She's been a reporter and anchor at ABC7 News for the past 32 years, with a career marked by compassion and integrity.
When Carolyn Tyler first started at ABC7 in 1986, she had already worked at TV stations in two other cities, rising up the ranks quickly to live a dream she never imagined as a child growing up in Wyoming.
"I thought I was going to be a teacher or a nurse because those were the only things that I really knew or thought were probably open to me. And then I saw my first black, female newscaster on television. I said wow, I think this is something that I could do," Carolyn says.
She sure could.
Hey everyone, after 32 years I'm retiring from ABC7 News. It's been a privilege telling your stories for three decades, but now I'm on to new adventures. Please follow me on my new account! @ctylernews— carolyn tyler (@ctylerabc7) September 30, 2018
Carolyn connected with the community. As a general assignment news reporter, she covered a huge range of stories.
She chatted with Willie Mays and hung out with Oprah Winfrey. When San Francisco started its first sister city relationship with an African nation, Carolyn went to the Ivory Coast.
Carolyn's good work landed her on the weekend anchor desk.
In 1989, she was part of the ABC7 News team that won a Peabody Award for coverage of the Loma Prieta earthquake.
But the landmark moments in her career were just getting started.
Carolyn joined Bay Area high school students on a trip along the Civil Rights Trail. "That story has had one of the biggest impacts on me. I'm someone who feels like I know the history of the Civil Rights Movement, but even for me, I learned new things and it really touched me deeply," she said.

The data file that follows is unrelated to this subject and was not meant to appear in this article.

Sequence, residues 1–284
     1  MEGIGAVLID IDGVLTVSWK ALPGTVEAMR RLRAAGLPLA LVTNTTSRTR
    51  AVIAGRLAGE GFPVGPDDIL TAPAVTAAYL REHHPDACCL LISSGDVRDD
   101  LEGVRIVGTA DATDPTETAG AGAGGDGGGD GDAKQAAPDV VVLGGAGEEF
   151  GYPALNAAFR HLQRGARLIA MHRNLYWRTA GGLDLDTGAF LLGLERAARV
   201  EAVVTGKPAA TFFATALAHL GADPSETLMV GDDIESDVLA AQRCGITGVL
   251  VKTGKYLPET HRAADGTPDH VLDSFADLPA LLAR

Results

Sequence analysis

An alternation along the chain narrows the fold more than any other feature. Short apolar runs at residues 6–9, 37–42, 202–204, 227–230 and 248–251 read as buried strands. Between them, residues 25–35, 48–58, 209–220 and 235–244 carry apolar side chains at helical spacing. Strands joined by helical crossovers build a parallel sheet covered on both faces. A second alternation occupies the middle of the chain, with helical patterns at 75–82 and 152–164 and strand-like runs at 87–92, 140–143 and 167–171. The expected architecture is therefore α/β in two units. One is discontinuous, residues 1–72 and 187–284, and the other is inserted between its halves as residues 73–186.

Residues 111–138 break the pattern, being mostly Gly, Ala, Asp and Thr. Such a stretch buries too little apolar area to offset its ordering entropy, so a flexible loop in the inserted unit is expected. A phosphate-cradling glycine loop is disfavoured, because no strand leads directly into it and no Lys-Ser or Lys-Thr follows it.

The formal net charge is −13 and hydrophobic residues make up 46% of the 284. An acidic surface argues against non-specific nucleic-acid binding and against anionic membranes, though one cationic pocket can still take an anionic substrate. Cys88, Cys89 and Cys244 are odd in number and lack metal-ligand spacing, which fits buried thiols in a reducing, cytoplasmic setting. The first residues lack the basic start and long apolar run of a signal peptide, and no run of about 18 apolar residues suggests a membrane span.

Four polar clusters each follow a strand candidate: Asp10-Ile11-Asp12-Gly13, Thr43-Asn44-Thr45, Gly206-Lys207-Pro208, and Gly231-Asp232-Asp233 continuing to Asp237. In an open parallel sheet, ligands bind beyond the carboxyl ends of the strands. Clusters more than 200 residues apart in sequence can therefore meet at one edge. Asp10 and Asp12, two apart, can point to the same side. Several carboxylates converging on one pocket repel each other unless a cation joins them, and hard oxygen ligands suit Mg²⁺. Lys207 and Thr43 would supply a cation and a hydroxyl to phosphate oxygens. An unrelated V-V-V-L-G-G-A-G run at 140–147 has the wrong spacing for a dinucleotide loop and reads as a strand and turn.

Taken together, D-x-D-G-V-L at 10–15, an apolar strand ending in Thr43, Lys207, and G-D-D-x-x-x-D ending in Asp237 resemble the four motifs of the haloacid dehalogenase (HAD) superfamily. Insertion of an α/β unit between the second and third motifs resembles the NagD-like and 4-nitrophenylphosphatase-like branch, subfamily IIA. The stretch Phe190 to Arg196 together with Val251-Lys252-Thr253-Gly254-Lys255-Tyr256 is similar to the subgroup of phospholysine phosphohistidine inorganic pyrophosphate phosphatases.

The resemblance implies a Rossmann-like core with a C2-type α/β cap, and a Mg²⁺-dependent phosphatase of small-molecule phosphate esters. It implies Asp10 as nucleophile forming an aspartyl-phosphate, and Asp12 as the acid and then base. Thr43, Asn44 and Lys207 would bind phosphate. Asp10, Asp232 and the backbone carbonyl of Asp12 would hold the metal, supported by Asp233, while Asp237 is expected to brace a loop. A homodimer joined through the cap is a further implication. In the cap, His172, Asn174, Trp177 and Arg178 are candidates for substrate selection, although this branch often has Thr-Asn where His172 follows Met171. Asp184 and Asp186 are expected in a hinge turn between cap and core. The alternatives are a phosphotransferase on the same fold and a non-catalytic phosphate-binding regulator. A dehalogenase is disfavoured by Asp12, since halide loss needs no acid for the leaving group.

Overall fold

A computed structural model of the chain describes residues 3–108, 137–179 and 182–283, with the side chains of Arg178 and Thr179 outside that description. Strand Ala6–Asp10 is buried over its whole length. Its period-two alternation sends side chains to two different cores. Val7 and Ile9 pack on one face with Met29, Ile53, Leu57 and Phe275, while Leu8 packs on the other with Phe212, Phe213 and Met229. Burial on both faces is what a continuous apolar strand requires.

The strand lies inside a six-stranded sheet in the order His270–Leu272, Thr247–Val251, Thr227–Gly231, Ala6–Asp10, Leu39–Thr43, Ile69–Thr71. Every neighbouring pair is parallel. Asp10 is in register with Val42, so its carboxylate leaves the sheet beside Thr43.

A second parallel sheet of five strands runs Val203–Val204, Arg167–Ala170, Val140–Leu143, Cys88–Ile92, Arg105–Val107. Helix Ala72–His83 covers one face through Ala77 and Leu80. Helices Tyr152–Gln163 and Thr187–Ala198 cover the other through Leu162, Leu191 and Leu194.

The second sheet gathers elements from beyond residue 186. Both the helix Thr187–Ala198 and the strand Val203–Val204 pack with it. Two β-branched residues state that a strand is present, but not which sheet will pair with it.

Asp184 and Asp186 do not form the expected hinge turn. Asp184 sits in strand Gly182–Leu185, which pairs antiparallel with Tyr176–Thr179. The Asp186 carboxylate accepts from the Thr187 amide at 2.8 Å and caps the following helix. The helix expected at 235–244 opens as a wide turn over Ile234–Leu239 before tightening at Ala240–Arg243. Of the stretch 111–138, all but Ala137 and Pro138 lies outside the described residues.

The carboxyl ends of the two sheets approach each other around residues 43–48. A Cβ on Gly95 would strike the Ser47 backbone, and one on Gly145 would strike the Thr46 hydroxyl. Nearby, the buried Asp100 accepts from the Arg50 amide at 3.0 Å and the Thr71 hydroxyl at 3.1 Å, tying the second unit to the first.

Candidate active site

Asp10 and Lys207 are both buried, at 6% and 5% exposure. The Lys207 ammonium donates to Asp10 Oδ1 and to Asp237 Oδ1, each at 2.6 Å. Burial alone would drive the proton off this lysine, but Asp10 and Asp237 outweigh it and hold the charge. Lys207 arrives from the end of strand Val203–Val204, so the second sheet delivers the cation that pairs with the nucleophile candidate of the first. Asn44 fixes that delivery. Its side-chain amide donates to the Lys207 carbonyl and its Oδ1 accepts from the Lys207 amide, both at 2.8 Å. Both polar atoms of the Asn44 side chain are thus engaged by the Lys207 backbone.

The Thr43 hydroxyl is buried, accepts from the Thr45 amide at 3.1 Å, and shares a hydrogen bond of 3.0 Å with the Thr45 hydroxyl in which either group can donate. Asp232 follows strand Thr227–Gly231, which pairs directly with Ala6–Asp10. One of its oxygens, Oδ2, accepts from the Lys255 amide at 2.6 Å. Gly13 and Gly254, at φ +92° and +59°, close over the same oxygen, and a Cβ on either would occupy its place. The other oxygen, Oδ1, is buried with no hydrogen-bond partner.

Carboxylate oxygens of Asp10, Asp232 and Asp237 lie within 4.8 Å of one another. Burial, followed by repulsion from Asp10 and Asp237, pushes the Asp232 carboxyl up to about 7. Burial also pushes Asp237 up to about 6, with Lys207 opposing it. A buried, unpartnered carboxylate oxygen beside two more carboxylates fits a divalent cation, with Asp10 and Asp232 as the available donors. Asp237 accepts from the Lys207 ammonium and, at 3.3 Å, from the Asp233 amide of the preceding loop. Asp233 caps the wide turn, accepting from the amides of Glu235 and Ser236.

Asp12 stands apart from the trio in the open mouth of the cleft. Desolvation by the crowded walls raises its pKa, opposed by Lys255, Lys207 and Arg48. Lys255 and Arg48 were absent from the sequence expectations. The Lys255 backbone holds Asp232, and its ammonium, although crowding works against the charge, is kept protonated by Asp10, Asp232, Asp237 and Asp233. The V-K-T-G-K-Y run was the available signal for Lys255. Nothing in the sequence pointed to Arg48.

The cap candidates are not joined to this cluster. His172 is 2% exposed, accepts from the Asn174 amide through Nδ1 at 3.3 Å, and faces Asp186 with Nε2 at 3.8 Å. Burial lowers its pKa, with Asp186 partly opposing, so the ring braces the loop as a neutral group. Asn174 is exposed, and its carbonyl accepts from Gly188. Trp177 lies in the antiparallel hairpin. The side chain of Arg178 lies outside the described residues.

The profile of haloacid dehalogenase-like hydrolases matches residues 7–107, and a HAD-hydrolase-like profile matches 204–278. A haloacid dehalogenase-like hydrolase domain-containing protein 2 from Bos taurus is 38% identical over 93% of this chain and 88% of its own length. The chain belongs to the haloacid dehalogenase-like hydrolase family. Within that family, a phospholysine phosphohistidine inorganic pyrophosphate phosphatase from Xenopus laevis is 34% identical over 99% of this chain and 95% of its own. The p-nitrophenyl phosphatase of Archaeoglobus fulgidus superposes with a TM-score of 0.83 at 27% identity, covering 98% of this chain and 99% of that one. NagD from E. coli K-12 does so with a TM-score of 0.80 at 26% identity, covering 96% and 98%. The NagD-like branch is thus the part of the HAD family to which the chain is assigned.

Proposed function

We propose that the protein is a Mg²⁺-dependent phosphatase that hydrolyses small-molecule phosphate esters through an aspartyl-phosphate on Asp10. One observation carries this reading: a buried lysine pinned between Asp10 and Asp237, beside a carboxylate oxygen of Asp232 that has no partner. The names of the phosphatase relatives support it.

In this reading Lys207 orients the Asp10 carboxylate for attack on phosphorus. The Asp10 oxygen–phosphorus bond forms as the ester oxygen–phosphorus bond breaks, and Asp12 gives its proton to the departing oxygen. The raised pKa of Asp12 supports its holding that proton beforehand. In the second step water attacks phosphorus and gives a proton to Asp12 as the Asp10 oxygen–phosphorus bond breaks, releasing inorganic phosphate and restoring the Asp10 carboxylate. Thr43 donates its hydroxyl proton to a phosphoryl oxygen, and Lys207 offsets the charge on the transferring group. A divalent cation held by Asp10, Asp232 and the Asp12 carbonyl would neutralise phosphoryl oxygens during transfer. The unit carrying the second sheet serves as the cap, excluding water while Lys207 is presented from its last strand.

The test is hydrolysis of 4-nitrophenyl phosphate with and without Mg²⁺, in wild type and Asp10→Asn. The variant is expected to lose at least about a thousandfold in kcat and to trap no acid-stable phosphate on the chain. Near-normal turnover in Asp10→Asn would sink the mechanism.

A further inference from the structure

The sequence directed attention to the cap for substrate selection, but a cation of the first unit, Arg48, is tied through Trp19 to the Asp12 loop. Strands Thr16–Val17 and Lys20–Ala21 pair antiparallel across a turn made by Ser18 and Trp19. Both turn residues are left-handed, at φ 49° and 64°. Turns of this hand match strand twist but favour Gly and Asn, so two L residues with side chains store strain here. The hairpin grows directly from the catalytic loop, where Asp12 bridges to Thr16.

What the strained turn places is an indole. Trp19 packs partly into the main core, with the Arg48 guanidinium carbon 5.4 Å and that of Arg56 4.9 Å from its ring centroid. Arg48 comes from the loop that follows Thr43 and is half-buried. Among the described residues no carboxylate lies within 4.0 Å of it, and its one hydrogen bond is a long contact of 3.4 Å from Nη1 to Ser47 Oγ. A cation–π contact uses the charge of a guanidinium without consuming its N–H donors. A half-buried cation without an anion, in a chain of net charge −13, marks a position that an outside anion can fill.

For many of her years at ABC7, Carolyn has focused on San Francisco politics, reporting on issues that define our times - including the long-running effort to end homeless and the battle over marriage equality. She was there the day then-Mayor Gavin Newsom ordered the county clerk to start giving out marriage licenses to same-sex couples.
"And when word spread in the community, people lined up for days. Some standing in the rain, some bringing their children, camping out," Carolyn said.
Carolyn reported every step of the 11-year struggle that followed - at the ballot box and in courtrooms - from the state Supreme Court, all the way to Washington, D.C., where same-sex marriage finally became the law of the land.
"It was very poignant, very powerful," she said.
When San Francisco Mayor Ed Lee died in the early morning hours last December, Carolyn raced into the station.
She also brought a personal side to the job. She was one of the founding members of Friends of Faith, a group that raised money for low-income women struggling with breast cancer. It was started in honor of Carolyn's friend and colleague -- reporter Faith Fancher, who died of breast cancer.
"It was just a beautiful sea of humanity, helping women in need," she recalls.
Throughout her career, she's been known for fairness and objectivity, with one notable exception - the Golden State Warriors. That's a story where she is never neutral. She even got to ride in their victory parade.
ABC7 tried to not get too emotional on Tuesday as we celebrated Carolyn's career.
All Hail the Queen of #SanFrancisco news! At 6pm, @abc7newsbayarea says farewell to our colleague @ctylernews as she heads off into retirement. She has been a great mentor to me -- and so many other journalists -- and I'll always be grateful for our friendship. Thank you, CT! pic.twitter.com/UVwu2XBCS2— Chris Nguyen ABC7 (@ChrisNguyenTV) October 3, 2018